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Uploaded
Dec 13, 2013 | 7:59 AM EST
  • Daily 4th Place December 14, 2013

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Author Comments

The kingdom needs a great commander to defend his king with the help of his loyal soldiers. 40 types of enemies and 9 types of defenders with the ability to improve the combat capabilities on the battlefield!

Reviews


tayawillkillyoutayawillkillyou

Rated 2 / 5 stars

This game is like a shitty computer version of Zelda.



stresspurestresspure

Rated 3 / 5 stars

where have i seen this before? beautifully executed.. just not very original



bosonobosono

Rated 5 / 5 stars

nice game



thEArubisthEArubis

Rated 5 / 5 stars

fun and enjoyable. 10/10 would recommend



WarpZoneWarpZone

Rated 4 / 5 stars

A Tower Defense game pretty much built from the ground up for casual audiences on mobile devices, Guard Of The Kingdom appears quite deep at first, a trick it achieves by telling you *nothing* about the units other than their prices, but once you've tested every unit out, the game ends up being literally one-dimensional.

Every enemy will walk past every tower you build. Some enemies are slow and others are fast, but none are immune to any particular type of tower. This means that Acid Acid Acid Ice is pretty much the only combination worth building, although I've achieved interesting results in Survival by building Acid Stone Acid Stone all along the bottom row to cluster enemies together.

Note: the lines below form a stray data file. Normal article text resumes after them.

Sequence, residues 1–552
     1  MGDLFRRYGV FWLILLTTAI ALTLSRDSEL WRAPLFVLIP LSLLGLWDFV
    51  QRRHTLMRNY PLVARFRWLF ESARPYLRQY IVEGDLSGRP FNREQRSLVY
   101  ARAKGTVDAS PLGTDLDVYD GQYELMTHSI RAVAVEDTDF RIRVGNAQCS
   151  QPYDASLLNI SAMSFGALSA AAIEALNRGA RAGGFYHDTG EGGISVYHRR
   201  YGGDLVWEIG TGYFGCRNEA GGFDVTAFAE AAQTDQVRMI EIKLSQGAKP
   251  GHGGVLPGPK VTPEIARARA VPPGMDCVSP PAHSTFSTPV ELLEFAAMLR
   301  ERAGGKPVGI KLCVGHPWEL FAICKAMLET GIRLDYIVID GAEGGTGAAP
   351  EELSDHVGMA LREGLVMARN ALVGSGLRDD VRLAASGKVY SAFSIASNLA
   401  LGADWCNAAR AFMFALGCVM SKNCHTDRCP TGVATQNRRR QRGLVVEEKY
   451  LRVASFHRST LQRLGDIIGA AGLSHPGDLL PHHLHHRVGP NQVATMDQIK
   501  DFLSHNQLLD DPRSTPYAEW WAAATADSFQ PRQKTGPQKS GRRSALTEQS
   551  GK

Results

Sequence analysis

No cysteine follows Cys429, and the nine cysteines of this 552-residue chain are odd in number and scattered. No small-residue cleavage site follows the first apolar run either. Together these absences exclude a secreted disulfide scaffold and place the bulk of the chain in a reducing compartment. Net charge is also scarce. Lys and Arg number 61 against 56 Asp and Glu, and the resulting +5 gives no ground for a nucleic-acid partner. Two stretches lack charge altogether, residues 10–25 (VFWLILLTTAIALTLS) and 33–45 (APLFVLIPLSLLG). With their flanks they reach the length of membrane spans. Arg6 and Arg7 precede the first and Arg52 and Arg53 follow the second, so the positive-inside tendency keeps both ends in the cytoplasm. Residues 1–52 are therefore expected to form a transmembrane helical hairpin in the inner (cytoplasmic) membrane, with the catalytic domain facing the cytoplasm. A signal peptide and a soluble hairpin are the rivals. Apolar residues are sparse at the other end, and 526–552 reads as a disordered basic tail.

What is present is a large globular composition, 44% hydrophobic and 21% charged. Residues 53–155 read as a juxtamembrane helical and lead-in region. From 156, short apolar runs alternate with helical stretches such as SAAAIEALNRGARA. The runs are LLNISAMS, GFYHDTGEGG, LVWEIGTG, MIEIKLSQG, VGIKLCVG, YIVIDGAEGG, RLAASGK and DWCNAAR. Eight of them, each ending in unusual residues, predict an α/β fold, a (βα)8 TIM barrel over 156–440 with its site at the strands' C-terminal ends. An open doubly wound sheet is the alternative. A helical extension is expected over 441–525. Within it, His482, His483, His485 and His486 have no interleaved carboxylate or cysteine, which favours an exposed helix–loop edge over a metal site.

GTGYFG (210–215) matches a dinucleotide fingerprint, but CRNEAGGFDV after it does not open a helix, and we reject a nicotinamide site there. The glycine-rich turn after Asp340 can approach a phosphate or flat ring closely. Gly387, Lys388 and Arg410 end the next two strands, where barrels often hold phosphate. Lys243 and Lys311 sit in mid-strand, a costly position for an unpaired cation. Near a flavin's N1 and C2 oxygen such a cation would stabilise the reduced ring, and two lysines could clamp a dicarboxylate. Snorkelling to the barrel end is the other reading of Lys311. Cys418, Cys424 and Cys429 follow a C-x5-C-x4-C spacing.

Honestly, I can't hold this against the game TOO much, since this was kind of an "Aha!" moment for me. Sometimes Tower Defense games can get *too* well-balanced, to the point where the only reason to build one combination of towers over another boils down to semi-random idiosyncrasies of the pathing, movement speeds, and AI. If we assume the creators of the game are non-native english speakers, I'd rather play a simple game with an obvious right answer than a complex game with poor explanations of how units work.

What's really strange is, about halfway through the game, they start pitching puzzle levels at you where you only get to choose between three specific units. Unfortunately, there's only two of these, and one of them has acid included as one of the options, so you really don't get very far from your comfort zone. The entire game could have been like this. Instead, they give you all the units, do a couple of these restricted levels, then give you all the units back again. Maybe in playtesting, people weren't figuring out that you need to go acid in order to beat the later stages? I dunno. I felt like more could have been done with this mechanic, since it was the only time I was forced to actually think after solving a game which, with only one lane one damage type, and one best unit, seems predisposed to be very much solvable.

Overall, it's a tactically dull TD with slick polish and some incredibly solid coding. At first I couldn't believe it was powered by Flash, until I remembered that they probably developed it using CS5, targeting Mobile. The graphics have that look to them when you zoom in, like they were rasterized long ago, before the game was even compiled. These sprites have NEVER seen a MovieClip. And while that's generally a good thing in Flash, it betrays this game's DNA. It was built for casual gamers, and it shows. If you take that into account, it's not too bad.


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xewelus responds:

Thanks for respond, but threre is a mistake/ This game always prerenders an art on start using screen resolution. Only Flash MovieClips.